We married on my 18th birthday. I didn’t even have a driver’s license. I’d known him for one year and he’s the only guy I ever went out with more than once or twice. He was all of eight months older.
My parents were not thrilled about the wedding plans. There were threats that they wouldn’t come; I was their Catholic daughter marrying a Baptist boy in a Baptist church. I was too young and way too naïve. I was rocking their expectations, to say the least.
Our wedding was on a Friday night; there was a small reception at the church. A few of the ladies served cake, punch, nuts and mints. I thought it was fabulous. It wasn’t until a few years later that I realized just how plain and simple it really was, but I was in a beautiful dress that I had sewn with my own hands. I was ready to be a wife, HIS wife.
It’s interesting the things that you remember from such a significant life event. The pastor’s wife positioned my veil as my mom frantically hemmed dresses in the Sunday school room where the bridesmaids were getting ready for the ceremony. I was really glad my mother was there.
My brother Steve slipped his arm around me as I stood in the foyer and peeked through the back door into the sanctuary. In all of the hustle and bustle I remember him saying that I was beautiful. He waited with me for my dad to come and walk me down the aisle.
I didn’t hear angels sing as we exchanged our traditional vows, but a guy I went to school with named Angel sang the love theme from Romeo and Juliet. What can I say? It was the 70’s!
When it was over, we climbed into our ‘68 Impala and drove to a car wash. Well-meaning friends and family had written all over the car with shoe polish (again, the 70’s)). There was a peace sign on the top of that car until the day we traded it. Make love, not war, people.
We drove to our little home and closed the door on the world for a week. I was completely content.
Our first home was slightly larger than the tiny houses that have recently become popular. We had purchased a 600 square foot mobile home at a price of $3,995; it came fully furnished. The sofa was so lightweight I could powerlift it over my ninety-eight pound frame.
I felt like the queen of a castle. It was hardly majestic but it was our home. We were happy to start life together there. It was exactly what we wanted.
Over the next few years, we made a lot of decisions that we would later regret, but we have never regretted our choice to have our first child. We waited only six months to get pregnant – we were still getting to know each other, but we loved our growing family.
That simple ceremony was forty-four years ago. I suppose the odds were against us making it. We were too young, too poor, undereducated and naïve.
We started our marriage with less than one hundred dollars in cash, a fully mortgaged mobile home that began depreciating the day we signed the papers, and a car payment. Neither of us had a great job. It would be seven years before he earned an associate’s degree; thirty years to his bachelors. I never got around to college.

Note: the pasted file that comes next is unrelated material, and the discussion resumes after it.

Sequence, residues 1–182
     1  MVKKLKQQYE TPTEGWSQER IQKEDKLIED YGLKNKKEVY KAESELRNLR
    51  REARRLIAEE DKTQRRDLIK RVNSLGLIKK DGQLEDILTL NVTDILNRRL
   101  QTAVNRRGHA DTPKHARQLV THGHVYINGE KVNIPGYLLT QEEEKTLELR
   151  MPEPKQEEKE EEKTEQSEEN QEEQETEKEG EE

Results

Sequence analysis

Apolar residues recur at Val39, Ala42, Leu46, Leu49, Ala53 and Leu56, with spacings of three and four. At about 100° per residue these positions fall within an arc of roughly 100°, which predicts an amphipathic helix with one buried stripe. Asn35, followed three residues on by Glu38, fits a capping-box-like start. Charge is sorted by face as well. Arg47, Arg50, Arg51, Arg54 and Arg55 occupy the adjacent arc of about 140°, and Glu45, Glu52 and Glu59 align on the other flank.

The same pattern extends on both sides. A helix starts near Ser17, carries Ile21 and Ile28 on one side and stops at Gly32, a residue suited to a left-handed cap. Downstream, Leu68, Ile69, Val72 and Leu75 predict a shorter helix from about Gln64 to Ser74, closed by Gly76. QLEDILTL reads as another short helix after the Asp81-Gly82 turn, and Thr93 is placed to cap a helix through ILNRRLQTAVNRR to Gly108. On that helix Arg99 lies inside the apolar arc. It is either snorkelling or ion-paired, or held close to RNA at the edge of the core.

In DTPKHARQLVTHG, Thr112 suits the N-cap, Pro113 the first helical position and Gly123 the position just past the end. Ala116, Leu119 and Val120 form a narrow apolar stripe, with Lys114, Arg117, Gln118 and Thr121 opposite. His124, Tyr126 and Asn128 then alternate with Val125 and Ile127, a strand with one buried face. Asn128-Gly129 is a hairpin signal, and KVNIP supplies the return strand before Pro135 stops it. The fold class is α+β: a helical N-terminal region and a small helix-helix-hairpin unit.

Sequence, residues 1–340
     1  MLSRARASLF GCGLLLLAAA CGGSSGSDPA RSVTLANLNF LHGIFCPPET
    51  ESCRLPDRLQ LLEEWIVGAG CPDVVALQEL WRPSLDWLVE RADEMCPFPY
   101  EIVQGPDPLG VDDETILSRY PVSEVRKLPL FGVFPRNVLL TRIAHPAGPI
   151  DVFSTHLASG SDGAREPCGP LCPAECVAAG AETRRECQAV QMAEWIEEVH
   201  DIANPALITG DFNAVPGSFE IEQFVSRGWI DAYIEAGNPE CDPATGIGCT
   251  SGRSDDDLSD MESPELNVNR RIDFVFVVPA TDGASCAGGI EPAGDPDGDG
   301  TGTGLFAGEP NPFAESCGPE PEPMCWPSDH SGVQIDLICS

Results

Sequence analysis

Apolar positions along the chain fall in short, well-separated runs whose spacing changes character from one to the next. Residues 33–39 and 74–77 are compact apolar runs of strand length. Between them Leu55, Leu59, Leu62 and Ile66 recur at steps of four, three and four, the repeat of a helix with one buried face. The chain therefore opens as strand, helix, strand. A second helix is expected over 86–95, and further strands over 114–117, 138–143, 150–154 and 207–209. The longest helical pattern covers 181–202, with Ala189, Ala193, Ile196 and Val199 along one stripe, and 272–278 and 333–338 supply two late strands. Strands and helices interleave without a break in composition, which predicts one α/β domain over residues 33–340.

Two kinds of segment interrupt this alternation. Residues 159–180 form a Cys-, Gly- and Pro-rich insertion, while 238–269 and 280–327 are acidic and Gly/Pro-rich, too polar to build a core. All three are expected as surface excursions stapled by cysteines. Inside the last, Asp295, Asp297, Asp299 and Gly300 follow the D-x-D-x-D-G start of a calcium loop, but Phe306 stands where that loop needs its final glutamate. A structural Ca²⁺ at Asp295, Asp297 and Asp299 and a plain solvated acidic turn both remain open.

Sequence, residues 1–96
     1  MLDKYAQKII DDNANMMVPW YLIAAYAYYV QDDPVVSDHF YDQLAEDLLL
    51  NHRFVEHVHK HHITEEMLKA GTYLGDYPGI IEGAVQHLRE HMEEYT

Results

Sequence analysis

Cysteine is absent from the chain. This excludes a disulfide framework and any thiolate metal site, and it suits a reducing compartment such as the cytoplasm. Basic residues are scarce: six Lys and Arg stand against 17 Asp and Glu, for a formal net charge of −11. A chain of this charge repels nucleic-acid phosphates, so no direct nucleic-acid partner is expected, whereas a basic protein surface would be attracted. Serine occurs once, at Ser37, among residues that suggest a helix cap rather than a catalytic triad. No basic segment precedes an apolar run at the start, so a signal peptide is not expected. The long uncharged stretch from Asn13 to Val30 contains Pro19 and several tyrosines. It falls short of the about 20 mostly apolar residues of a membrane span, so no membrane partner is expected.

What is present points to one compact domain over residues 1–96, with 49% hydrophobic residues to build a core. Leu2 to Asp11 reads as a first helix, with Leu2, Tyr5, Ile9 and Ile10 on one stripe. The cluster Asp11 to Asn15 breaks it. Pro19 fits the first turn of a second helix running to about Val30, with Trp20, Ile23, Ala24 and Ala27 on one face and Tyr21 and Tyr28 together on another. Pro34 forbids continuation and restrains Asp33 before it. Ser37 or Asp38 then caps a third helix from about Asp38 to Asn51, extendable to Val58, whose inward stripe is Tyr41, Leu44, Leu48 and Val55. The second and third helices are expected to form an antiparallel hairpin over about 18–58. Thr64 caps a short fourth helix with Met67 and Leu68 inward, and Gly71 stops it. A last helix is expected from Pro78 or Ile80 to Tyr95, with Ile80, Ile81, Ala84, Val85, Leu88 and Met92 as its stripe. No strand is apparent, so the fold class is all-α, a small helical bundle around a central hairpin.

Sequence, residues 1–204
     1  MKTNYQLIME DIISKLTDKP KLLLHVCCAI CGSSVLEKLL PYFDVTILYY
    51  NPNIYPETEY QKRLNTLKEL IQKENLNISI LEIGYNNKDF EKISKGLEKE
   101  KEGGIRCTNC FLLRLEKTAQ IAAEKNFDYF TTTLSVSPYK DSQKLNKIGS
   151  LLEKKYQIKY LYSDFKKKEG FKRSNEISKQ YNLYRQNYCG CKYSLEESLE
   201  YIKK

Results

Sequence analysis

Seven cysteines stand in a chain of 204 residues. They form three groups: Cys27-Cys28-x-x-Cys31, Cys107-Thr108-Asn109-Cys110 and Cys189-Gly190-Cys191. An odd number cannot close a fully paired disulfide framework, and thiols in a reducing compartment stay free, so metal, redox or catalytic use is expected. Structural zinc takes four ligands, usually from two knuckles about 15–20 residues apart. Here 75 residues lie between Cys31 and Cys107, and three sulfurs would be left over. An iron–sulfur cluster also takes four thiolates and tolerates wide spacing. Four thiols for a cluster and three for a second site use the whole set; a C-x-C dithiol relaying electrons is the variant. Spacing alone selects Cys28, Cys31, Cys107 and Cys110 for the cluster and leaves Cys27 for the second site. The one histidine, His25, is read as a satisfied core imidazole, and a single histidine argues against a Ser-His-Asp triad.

But we did make it and I’m convinced it is because of what we did have, mostly a legacy from our families, dysfunctional and imperfect as they were:
- An example – Our parents were fully committed to keeping their families intact.
- Lifestyle – Ours revolved around spending time rather than money.
- Low expectations – We didn’t even once think that we should begin with what our parents managed to acquire in their twenty-five years of marriage.
- Lots of siblings – We were used to sharing everything; we both came from large families and one bathroom houses.
- Peer pressure – The couples around us were counting on us to remain a couple.
- Hearts to serve – He did the laundry and ironing and cleaned the house after school and on weekends because his mother worked; when my sister was bed-ridden with a broken hip I got out of class early and walked two miles home every day so I could be with her when my dad left for work. Our parents taught us that families serve one another; we brought that gift into our new home.
- Faith in God – Even when we lost faith in each other we knew that we were in his grip; that was enough when we couldn’t hold onto each other.
- Inexperience – We didn’t bring a lot of comparisons to our bed or any other area of the house.
- Refusing to keep score – We trusted each other enough to bring 100% most days; on the days one of us didn’t, the other picked up the slack.
- Going to bed mad – Sometimes sleep and time are the best antidote to frustration and anger. So often the light of a new day brings clarity and peace. We learned to insert a pause and get some rest.
Everyone’s love story is different. I’m not advocating marrying right out of high school, skipping college or making babies in the first year of marriage. I guess what I’m really saying is that if two crazy, naïve and clueless kids could do it, maybe you can.
My simple prayer is that our story will encourage you to walk in his mercy, every new day and extend grace, first at home.
The steadfast love of the Lord never ceases; his mercies never come to an end; they are new every morning; great is your faithfulness. ~ Lamentations 3:22-23 ESV
By his grace alone,
This post originally appeared at Grace and Graffiti.